A gas leak is nothing to wait on; it’s a dangerous situation and needs immediate attention!
If you suspect a leak (you can smell it – like rotten eggs), call a professional plumber to come and “sniff” (yes, that is a professionally used term) for the source of the leak & repair it. You may have to shut off the gas until the leak is repaired.
Leaking gas could cause an explosion if exposed to a flame or spark. Carbon monoxide is also a product of gas fumes. You can’t see, smell or taste carbon monoxide, but it is deadly or could cause brain damage or worse. There are several products on the market that you can install in your home, garage, or out-building to help identify if you have a carbon monoxide leak.
Gas pipes can be made out of a variety of materials, depending on the location of the gas line. The gas pipe from the meter to the yard is made out of specially coated iron. A plastic composite pipe is used to connect from the meter to the pipe.
Iron pipe or corrugated stainless steel tubing (CSST) is generally used for gas pipes inside the house. Iron pipe is usually placed up and over the home through the attic with one large main trunk that runs the length of the house. Tees come off of the main line to feed different appliances in the home. With CSST, it will go up from the main line to one central manifold where it feeds an individual line to each appliance in a radial type formation (picture bicycle spokes).
A leak could occur anywhere. At the meter, underground, in the attic or near a stove or fireplace. It’s smart to know that your pipes have the proper protection (wrapped with special gas piping tape). Many times, underground pipes aren’t protected. They should be double wrapped where the riser comes through the ground. A gas leak typically occurs where the connection isn’t wrapped with the special black tape six inches in both directions.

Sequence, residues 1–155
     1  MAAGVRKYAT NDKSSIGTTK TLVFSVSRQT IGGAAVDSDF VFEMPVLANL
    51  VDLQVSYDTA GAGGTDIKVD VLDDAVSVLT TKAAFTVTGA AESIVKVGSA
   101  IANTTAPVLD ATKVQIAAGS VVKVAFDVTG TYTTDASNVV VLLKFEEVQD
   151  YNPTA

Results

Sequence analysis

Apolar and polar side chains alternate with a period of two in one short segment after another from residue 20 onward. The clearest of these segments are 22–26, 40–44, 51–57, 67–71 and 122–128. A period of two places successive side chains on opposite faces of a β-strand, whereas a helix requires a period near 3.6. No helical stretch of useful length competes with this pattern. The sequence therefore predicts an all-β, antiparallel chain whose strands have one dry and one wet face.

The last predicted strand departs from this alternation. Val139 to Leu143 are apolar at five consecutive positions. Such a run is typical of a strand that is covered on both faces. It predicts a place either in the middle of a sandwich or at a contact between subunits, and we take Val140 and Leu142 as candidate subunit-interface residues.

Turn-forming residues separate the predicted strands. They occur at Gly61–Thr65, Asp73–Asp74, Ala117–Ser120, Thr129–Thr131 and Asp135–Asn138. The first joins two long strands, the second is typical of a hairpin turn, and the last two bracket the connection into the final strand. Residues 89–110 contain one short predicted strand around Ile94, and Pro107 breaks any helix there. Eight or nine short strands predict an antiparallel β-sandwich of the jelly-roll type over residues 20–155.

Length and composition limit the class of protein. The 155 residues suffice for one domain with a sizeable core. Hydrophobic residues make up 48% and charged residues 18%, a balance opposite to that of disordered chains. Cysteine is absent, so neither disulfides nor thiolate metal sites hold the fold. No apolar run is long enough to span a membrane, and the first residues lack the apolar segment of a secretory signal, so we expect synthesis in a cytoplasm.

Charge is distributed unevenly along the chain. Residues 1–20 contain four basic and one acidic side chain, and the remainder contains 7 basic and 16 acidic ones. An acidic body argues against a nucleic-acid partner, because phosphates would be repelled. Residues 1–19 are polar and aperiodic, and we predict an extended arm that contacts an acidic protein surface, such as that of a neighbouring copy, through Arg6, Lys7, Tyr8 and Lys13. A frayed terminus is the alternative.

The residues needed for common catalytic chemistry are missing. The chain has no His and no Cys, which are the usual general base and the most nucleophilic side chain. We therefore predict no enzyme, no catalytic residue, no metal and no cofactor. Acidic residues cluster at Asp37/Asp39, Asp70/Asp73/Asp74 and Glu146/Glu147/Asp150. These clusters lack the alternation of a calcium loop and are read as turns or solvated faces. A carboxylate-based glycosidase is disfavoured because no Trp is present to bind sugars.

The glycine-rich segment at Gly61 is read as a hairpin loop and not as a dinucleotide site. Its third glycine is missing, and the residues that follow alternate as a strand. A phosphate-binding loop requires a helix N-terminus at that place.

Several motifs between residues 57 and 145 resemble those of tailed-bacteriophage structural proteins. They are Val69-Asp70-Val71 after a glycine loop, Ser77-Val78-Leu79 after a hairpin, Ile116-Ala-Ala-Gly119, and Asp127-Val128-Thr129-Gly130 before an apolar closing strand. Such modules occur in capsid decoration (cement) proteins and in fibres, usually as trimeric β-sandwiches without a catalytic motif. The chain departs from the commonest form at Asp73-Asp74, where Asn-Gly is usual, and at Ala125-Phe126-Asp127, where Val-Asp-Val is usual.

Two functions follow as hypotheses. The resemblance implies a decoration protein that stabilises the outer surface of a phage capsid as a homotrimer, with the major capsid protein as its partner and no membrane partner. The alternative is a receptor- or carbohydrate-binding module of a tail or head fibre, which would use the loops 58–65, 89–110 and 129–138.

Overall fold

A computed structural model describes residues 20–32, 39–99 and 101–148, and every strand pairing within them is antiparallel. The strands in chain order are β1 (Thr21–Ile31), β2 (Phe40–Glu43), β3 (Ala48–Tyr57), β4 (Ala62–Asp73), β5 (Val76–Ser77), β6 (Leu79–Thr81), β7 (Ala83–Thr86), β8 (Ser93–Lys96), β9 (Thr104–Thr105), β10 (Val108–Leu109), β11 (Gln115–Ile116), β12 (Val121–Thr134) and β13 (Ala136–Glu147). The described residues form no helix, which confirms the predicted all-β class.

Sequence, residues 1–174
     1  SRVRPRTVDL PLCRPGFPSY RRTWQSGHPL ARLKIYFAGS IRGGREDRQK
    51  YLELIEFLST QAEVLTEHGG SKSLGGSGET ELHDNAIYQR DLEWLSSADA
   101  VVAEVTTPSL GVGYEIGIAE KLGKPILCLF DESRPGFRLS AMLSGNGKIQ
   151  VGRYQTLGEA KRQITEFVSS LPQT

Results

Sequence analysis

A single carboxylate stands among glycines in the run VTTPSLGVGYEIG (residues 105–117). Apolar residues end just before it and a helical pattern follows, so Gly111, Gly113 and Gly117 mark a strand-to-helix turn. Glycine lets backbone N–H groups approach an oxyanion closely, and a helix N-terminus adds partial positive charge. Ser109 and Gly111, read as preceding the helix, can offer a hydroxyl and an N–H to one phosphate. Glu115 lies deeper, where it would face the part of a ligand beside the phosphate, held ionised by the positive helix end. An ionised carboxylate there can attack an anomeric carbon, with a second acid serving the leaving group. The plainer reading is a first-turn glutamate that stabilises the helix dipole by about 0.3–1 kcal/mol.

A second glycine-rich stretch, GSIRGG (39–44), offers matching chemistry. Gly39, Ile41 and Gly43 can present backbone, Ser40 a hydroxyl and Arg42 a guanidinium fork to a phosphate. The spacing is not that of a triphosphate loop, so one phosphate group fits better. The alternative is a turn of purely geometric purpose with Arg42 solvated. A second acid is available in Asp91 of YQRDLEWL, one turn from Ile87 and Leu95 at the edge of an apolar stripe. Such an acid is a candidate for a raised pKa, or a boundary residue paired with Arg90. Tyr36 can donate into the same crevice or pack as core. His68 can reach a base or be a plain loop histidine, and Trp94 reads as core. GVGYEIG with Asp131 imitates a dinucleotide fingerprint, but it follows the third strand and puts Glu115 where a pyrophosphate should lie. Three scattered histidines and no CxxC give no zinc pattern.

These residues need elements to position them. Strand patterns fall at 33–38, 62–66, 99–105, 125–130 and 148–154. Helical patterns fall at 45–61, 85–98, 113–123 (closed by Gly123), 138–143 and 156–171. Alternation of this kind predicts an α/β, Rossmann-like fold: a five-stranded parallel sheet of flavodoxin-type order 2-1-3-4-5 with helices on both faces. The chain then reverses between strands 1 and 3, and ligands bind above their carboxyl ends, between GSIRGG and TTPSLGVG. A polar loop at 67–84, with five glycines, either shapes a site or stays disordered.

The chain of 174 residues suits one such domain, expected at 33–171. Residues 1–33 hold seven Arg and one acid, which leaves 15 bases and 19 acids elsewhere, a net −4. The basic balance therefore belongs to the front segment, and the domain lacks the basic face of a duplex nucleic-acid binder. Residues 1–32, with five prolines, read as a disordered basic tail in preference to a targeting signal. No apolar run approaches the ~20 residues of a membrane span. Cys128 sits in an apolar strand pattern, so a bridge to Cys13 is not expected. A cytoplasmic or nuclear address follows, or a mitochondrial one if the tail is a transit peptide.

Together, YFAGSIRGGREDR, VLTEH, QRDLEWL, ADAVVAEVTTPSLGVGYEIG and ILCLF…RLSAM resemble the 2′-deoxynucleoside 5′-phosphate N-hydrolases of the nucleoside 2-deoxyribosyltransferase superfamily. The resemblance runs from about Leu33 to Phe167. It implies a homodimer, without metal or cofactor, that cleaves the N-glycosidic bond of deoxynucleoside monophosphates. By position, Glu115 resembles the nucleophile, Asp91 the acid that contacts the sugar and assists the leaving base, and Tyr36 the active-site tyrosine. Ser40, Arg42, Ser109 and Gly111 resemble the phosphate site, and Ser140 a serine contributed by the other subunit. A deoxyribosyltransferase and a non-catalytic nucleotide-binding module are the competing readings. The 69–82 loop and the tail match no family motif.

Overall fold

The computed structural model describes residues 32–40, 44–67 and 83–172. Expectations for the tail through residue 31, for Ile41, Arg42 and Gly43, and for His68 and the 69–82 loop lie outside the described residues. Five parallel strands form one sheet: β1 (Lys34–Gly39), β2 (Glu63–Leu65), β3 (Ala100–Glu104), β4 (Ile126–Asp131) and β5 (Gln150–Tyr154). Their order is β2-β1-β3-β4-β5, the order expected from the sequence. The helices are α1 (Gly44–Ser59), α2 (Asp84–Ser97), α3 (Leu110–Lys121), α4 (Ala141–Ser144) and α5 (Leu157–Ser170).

Some typical gas leak problems:
- Connections at the manifold and shut-off valves that have not been properly installed
- Improper installation of flex lines, and gas lines in older homes, that have had pipes run with copper tubing
- Natural gas eats right through copper, especially at connections where the copper has been flared
Things to watch for: A gas line can leak when it has been improperly installed right next to the roof decking. Most of the time roofers don’t look to see what’s under the roof before nailing new roofing down. It’s common for gas pipes, especially corrugated stainless steel tubing, to be punctured by roofing nails.
- Always look for a crisp blue flame, rather than an orange or yellow flame.
- Likewise, look out for a pilot light that always seems to blow out.
- On the outside of the appliance watch out for soot or any black or brown scorched areas around your appliances.
- Watch out for excessive condensation on the windows, or a musty smell in the air.
- If you are feeling light headed and/or dizzy for no apparent reason, it’s possible that there is some kind of gas or carbon monoxide leak in your house; it’s important that you get outside to fresh air and call either 9-1-1 or the gas company to identify the source of the leak.
- If you do suspect a gas leak, do not operate any electrical switches inside the home, as there could be a spark when you flip the switch that could cause an explosion.
Being safe is in your own hands -Don’t learn safety by accident